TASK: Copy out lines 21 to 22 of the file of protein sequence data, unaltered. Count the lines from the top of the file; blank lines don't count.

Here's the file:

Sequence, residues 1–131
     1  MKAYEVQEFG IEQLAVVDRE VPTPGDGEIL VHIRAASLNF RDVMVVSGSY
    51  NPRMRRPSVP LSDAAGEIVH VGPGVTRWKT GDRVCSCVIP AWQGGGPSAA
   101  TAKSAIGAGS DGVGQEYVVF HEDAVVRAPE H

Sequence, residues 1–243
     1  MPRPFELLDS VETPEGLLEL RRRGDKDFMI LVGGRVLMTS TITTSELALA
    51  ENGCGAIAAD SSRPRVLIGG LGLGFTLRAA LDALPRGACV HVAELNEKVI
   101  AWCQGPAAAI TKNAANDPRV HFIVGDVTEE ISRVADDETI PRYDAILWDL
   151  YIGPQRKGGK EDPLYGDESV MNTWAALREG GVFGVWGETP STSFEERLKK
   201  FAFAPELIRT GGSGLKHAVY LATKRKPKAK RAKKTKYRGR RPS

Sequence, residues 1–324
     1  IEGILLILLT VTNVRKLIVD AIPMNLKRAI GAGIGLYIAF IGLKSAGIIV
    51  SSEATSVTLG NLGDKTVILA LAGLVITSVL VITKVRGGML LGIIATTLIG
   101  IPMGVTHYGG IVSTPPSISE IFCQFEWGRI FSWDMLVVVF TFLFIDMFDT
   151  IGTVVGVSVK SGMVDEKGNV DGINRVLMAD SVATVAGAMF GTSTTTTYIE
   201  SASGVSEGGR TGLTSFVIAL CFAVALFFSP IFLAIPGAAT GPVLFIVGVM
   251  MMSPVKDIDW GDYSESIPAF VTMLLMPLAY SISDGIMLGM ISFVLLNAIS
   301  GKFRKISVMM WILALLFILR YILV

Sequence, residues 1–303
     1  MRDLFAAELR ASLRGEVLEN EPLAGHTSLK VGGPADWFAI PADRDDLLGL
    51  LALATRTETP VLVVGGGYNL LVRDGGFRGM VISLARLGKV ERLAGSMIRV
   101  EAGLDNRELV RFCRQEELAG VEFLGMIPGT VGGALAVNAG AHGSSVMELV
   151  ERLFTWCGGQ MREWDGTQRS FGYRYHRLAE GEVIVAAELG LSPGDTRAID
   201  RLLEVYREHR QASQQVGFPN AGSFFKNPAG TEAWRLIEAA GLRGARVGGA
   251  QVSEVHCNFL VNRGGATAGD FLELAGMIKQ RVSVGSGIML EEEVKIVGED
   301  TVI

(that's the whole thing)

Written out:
    51  LALATRTETP VLVVGGGYNL LVRDGGFRGM VISLARLGKV ERLAGSMIRV
   101  EAGLDNRELV RFCRQEELAG VEFLGMIPGT VGGALAVNAG AHGSSVMELV